"Secondary prevention" refers to the prevention of clinical illness through the early and asymptomatic detection and remediation of certain diseases and conditions that, if left undetected, would likely become clinically apparent and harmful. This is often referred to as "screening." There are many examples of secondary disease prevention, including routine bacteriological culturing for sexually transmitted organisms in asymptomatic persons; routine serological testing for preclinical infections such as syphilis; screening for high blood pressure, which may indicate clinical hypertension; screening for early breast cancer using mammography or for early cancers or precancerous lesions of the colon using sigmoidoscopy or colonoscopy. An example of a form of screening that is actually a primary prevention is to routinely examine the paint on walls of older homes, where lead contamination and its exposure to children may be a problem. One variation of secondary prevention is to screen for conditions that might be clinically overt but have gone undetected, such as clinical depression or other mental illnesses. This is also quite useful because such conditions are often quite treatable. Sometimes it may be possible to apply primary preventive interventions to diseases that are already developing: smoking cessation and increasing exercise may prevent the emergence of heart attack or stroke, even though some atherosclerotic lesions (hardening of the arteries) are already developing.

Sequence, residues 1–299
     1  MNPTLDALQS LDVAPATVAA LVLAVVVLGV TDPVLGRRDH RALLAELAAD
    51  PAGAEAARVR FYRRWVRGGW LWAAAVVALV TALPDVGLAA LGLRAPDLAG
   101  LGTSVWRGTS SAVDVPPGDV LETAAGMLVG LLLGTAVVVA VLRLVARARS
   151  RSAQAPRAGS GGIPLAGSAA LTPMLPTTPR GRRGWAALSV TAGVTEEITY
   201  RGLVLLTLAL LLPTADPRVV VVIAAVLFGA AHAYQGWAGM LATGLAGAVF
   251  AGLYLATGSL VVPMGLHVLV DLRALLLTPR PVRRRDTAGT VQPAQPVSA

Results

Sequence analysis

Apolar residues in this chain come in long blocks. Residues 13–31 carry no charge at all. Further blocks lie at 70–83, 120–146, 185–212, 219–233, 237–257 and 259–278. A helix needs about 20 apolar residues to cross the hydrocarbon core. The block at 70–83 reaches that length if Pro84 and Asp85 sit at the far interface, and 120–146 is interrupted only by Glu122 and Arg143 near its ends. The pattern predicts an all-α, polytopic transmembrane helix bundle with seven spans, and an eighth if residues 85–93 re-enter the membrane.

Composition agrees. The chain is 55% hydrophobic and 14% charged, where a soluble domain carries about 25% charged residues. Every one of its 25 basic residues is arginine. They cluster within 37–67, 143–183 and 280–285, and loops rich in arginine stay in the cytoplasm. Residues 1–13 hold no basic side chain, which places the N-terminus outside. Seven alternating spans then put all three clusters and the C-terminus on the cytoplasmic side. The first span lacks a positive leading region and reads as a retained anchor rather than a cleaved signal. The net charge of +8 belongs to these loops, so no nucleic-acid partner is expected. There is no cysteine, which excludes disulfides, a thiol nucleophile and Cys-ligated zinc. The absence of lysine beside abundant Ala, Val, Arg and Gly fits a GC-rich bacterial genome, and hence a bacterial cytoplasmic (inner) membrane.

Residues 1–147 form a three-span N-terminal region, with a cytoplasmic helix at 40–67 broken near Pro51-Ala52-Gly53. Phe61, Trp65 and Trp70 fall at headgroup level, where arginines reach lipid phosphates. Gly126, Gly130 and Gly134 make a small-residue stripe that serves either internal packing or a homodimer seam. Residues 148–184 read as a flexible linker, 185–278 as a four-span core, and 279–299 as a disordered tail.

"Tertiary prevention" refers to the prevention of disease progression and additional disease complications after overt clinical diseases are manifest. This is generally the province of physicians and other health professionals, who manage acute and chronic conditions. While the distinction between disease treatment and tertiary prevention may be sometimes uncertain, many examples exist— lowering a high blood cholesterol level after a heart attack can prevent the occurrence of further heart attacks and related conditions such as stroke and angina pectoris (chest pain with activity). Similarly, treating high blood pressure after a stroke may decrease the risk of subsequent strokes. For persons with diabetes mellitus, eye examinations to detect diabetic retinal disease, and steps taken to prevent its progression, are routinely undertaken. Routine podiatric care can deter the effects of diabetic vascular disease on the feet. Among persons who are severely disabled, provision of special mattresses and other interventions can prevent some chronic skin ulceration. Providing handrails in the homes of persons at high likelihood of repeated falling can prevent fractures and other injuries. Tertiary prevention is perhaps the least well developed of the three domains, and is ripe for considerable prevention research.